Asylum seekers arrive to host states with various needs and rights. Some of these are very urgent, for example the needs for food, water, and emergency care for immediately life-threatening medical problems. Others are less urgent, such as the right to education or the right to enter the workforce. In policy, it is tacitly assumed that the host state has an immediate obligation to provide for the more urgent of these needs and rights and that others may be provided for at a later time.
This report suggests making a clearer distinction between the two kinds of obligations, deferrable obligations and non-deferrable obligations, the latter of which are the more urgent obligations which states must satisfy immediately. It is also suggested that we develop a set of criteria to assist in determining into which category some particular obligation falls. Additionally, this report urges policymakers to consider that states may have non-deferrable obligations not only to remove legal barriers that prevent individuals from accessing things to which they have a right but also to remove further practical barriers.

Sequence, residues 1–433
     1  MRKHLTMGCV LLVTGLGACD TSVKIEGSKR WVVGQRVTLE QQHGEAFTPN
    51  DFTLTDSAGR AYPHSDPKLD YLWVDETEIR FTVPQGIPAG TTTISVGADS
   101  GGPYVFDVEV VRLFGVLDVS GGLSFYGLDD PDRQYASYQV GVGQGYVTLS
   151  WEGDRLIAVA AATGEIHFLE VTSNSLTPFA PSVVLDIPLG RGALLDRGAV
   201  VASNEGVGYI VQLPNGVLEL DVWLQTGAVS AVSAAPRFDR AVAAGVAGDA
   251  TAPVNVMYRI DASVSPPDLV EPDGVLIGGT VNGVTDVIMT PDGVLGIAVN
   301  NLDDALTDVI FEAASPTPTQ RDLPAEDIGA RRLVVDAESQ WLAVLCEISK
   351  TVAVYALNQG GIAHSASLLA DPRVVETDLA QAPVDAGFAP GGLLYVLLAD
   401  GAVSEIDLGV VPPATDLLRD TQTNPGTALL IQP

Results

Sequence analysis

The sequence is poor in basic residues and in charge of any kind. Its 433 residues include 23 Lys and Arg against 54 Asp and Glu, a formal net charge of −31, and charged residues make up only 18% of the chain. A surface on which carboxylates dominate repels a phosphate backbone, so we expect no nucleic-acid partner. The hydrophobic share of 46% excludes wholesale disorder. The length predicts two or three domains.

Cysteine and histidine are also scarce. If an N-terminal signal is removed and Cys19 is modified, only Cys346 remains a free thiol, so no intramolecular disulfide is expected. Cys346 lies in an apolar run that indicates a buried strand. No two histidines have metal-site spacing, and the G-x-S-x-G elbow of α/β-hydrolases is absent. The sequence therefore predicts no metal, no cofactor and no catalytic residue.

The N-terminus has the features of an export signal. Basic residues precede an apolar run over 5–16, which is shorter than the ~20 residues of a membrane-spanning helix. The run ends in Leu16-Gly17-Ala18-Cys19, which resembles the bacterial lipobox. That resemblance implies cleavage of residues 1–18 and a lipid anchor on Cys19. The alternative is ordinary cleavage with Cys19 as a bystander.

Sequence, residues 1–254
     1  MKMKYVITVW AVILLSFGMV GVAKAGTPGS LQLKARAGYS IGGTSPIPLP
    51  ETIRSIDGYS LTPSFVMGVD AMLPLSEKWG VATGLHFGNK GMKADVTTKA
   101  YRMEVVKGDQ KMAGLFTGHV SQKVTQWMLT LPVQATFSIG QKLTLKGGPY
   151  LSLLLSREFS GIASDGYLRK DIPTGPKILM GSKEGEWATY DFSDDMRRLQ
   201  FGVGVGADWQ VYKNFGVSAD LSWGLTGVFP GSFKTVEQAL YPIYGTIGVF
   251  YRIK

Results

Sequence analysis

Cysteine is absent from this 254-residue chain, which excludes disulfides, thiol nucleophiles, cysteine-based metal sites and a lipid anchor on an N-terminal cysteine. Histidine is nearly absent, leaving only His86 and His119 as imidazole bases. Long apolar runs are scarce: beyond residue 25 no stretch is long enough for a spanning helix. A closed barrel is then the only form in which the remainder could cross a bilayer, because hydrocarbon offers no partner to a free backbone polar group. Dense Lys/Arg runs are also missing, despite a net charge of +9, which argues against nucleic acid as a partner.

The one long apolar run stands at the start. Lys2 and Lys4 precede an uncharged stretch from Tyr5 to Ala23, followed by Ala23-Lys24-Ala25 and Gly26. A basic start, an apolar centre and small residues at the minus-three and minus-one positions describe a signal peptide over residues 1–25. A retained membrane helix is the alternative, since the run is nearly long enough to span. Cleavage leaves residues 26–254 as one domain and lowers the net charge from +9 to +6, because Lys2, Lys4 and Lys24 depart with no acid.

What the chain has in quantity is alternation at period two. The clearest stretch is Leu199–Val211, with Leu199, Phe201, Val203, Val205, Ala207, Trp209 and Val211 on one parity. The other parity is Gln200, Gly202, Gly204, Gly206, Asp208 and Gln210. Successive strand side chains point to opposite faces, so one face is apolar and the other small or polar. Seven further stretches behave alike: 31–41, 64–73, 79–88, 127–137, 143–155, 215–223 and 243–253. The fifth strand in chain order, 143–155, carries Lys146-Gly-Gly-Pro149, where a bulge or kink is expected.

The first part of the report focuses on these general theoretical issues. It is important to note here is a distinction between ethical obligations (which exist independently of any laws or conventions) and political obligations (which depend on the laws and conventions that a state has passed or is party to). The general framework assumed by this report is that it is the responsibility of policymakers to be sensitive to what the ethical obligations are and to develop policies that align with these ethical obligations, thereby putting in place a system of political obligations that promote the ethical good.